"true". The manas occupies itself with the thinking about a thing that is
2) asatya "untrue". The
manas occupies itself with the thinking about a thing that is not true.
3) satyamrsa "true and
untrue". The manas thinks of something that is partly true, partly untrue.
For instance, it thinks: "this is an Asoka-wood". But in reality, it is
the question of a wood, in which truly there are many Asoka-trees, but in
which there are also growing Dhavala-, Khadira-, Palasa- and other trees.
4) asatyamrsa "neither
true nor untrue". The manas thinks of something that lies outside the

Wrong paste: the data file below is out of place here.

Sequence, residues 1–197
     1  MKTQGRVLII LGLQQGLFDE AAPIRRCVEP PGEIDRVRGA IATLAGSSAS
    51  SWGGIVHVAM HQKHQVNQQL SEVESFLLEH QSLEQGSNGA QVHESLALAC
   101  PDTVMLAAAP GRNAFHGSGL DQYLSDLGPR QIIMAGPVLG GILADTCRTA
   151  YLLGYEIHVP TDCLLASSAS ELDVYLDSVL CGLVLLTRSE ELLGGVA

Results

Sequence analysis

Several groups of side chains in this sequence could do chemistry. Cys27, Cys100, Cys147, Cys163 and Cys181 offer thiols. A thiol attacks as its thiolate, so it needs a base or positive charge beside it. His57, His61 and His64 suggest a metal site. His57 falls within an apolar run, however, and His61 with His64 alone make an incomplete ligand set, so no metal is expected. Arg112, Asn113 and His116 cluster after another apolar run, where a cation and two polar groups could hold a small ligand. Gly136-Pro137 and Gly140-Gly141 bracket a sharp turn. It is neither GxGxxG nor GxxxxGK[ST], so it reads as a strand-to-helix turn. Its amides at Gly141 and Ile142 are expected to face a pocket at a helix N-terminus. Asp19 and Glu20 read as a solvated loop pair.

sphere of true and untrue, e.g. "Devadatta, give me the cow".
vag-yoga, activity of speech. The 4 species
correspond to those of the mano-yoga.
kaya-yoga, activity of the
activity of the physical body.
activity of the transformation-body.
activity of the translocation-body.
activity of the karman-body; it manifests itself chiefly during the period
between death and re-incarnation.
activity of the physical body mixed with the activity of the karman-body.
activity of the transformation-body mixed with that of the karman-body or
with that of the audarika-body.
activity of the translocation-body, mixed with that of the physical body.
The 3 last mentioned
species of activity take place as long as the physical body, or one of the
other two bodies, is not yet quite developed that is to say, if united
with the karman-body shortly after birth, or if united with the physical
body during the time when the translocation or transformation-body of the
ascetic is not yet quite ready.